Topic on Talk:In-context help and onboarding

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John Broughton (talkcontribs)

I suggest drawing a fairly sharp distinction between "in-context help" and "onboarding". The vast majority of users would benefit from in-context help, if that answers either "What does this specific feature [of VE, primarily] do?" or "How do I do this [in VE, primarily]?" By contrast, onboarding is (by definition) for new(er) editors, and its focus is on different things: "How can we help you do something useful, rather than futile?", "Here is a policy or guidelines that you don't seem to be aware of?", and similar.

For in-context help:

(a) Some time ago I suggested adding clear, helpful information to all of the editing options in VisualEditor. That followed a limited attempt to do so by the WMF developers - see, for example, in the page options menu, when "Options" is selected, the small "i" with a circle around it, on the right side of the dialog box. The critical parts of implementing such a system, I believe, are (a) adding "hooks" in all the right places (the small "information" icons), (b) enabling administrators of local wikis to add and edit the displayed text [raising translation/maintenance of "core" message issues, but I digress], and (c) enabling those administrators to add links within the text, so those more inclined could go to help and/or guideline pages.

(b) For "How do I do this", it could be very helpful if the Help icon in VisualEditor allowed an editor to select from (say) 50 to 100 different choices ("How do I add a footnote?"; "How do I cite the same source in more than one place in an article?"; "How do I add a category to an article") and, then, in the best of all possible worlds, see a brief screencast showing exactly how to do that thing.

There is, unfortunately, a larger issue. I'm sure that WMF sees the challenge as designing tools for in-context help and for onboarding, and then letting the community use these. Unfortunately, the English community (among the most active) has demonstrated, convincingly (in my opinion), that it's incapable of maintaining help pages - "maintaining" in the sense of "keeping current with the software changes that developers implement". For example, I'd give good odds [without having looked] that the vast majority of help and info pages for editing don't give at least equal weight to VisualEditor compared to the classic wikitext editor - yet WMF is in the process of introducing yet another type of editing software.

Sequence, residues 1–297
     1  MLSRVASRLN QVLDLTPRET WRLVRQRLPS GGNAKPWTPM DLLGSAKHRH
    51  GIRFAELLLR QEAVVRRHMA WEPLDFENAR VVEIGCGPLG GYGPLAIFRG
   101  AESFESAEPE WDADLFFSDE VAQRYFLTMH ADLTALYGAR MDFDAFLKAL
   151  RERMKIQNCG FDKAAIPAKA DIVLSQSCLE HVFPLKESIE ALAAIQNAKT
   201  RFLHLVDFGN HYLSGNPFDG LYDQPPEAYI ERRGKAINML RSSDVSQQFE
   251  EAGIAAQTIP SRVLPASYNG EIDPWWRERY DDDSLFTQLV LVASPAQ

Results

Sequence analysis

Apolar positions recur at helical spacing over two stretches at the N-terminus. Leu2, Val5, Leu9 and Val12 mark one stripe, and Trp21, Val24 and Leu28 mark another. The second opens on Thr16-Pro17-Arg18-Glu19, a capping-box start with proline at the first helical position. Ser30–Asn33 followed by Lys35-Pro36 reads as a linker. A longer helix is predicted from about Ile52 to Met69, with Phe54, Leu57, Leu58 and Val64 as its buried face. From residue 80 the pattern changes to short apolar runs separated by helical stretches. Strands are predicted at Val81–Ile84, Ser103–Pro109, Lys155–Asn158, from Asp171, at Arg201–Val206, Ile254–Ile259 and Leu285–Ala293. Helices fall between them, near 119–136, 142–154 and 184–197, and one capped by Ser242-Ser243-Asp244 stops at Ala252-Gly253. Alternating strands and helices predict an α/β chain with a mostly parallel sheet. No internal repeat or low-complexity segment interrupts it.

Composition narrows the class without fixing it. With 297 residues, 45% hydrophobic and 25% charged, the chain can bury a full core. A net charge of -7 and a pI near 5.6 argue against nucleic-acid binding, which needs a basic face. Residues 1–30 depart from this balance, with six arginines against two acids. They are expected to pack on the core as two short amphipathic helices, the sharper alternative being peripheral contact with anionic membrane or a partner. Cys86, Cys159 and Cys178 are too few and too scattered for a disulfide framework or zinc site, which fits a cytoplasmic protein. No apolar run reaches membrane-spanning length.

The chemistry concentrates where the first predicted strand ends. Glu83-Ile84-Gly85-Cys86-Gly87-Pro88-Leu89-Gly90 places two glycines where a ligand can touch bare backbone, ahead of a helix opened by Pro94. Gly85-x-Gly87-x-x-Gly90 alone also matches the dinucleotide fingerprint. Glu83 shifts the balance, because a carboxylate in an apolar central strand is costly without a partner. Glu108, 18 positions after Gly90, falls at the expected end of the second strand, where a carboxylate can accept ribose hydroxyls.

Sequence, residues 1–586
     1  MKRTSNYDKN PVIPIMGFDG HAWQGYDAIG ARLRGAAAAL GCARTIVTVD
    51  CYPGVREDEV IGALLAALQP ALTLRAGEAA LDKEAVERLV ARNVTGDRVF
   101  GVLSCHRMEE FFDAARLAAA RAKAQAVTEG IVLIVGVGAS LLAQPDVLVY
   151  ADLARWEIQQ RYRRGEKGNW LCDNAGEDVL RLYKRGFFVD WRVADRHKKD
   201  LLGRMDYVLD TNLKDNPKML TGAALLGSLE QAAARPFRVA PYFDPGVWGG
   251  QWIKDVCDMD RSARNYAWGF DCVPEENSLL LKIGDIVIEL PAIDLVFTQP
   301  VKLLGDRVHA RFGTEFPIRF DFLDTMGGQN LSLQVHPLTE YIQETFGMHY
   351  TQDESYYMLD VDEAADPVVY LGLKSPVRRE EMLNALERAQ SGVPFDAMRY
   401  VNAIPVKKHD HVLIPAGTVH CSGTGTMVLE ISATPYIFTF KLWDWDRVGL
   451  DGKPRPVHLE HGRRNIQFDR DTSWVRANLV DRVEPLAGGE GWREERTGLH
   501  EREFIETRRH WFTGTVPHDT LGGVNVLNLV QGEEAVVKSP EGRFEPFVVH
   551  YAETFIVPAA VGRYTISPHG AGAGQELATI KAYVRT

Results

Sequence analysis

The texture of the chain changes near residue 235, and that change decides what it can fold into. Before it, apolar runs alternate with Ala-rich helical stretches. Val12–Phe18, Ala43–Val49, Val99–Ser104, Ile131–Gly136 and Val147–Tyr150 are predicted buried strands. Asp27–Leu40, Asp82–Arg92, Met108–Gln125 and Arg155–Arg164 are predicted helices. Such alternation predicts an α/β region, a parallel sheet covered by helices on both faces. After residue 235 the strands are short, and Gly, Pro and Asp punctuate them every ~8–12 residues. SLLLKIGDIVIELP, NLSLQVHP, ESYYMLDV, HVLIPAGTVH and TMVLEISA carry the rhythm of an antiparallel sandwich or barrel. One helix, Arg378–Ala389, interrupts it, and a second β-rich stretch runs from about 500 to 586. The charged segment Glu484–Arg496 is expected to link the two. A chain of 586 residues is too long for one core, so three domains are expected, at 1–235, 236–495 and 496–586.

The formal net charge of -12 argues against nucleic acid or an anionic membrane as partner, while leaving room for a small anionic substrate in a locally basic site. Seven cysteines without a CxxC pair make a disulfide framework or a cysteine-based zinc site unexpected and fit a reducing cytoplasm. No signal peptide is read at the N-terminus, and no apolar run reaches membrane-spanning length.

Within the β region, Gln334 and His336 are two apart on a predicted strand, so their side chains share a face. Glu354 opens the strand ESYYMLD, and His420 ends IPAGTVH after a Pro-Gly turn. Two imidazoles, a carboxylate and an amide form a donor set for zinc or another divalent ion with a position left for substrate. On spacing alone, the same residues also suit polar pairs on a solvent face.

There is a solution to this problem, which I mention for the sake of completeness: WMF should take responsibility for core documentation, including in-context help, and including translation, for user interfaces. In other words, where WMF provides cross-wiki functionality, it should provide cross-wiki documentation. (Policies, guidelines, and processes that are wiki-specific would remain fully the responsibility of the local wiki to maintain.) Assuming that additional responsibility would cost WMF on the order of several million dollars a year [more to start, less ongoing], money that WMF clearly has. That wouldn't eliminate the role of the community in improving in-context help and other documentation management by the WMF; the community would have a supplemental role (as in, for example, "feel free to edit this to improve it").

Trizek (talkcontribs)

Hello John

Concerning communities that take care of documentation, French Wikipedia has made a strong effort to have help pages for both wikitext and visual editing. See to insert a citation, with wikitext (the simple version, there are actually 2 other pages with an increasing difficulty!) and VE (one page, and that's all).

That community effort concerning documentation hasn't been made in a couple of days, but, with strong recommendations on how to write an help page and a blank check from the rest of the community, a dedicated wikiproject has been working on it since two to three years. That allows us to point newbies to an help page explained by the editor they use (in most cases VE). My point is that it is possible to maintain such pages and I don't think it depends of the size of the wiki.

Concerning documentation, edited and maintained by the WMF and translated by volunteers pages exist: Visual editing, Notifications types, Recent Changes, etc.

Hope this helps.

John Broughton (talkcontribs)

Trizek - I would never contend that it's impossible for a local community to successfully maintain a wide range of documentation to help with editing. I simply believe that it's very unlikely. If you could point to dozens and dozens of examples where communities do in fact devote plentiful resources to this, I'd be happy to change my conclusion.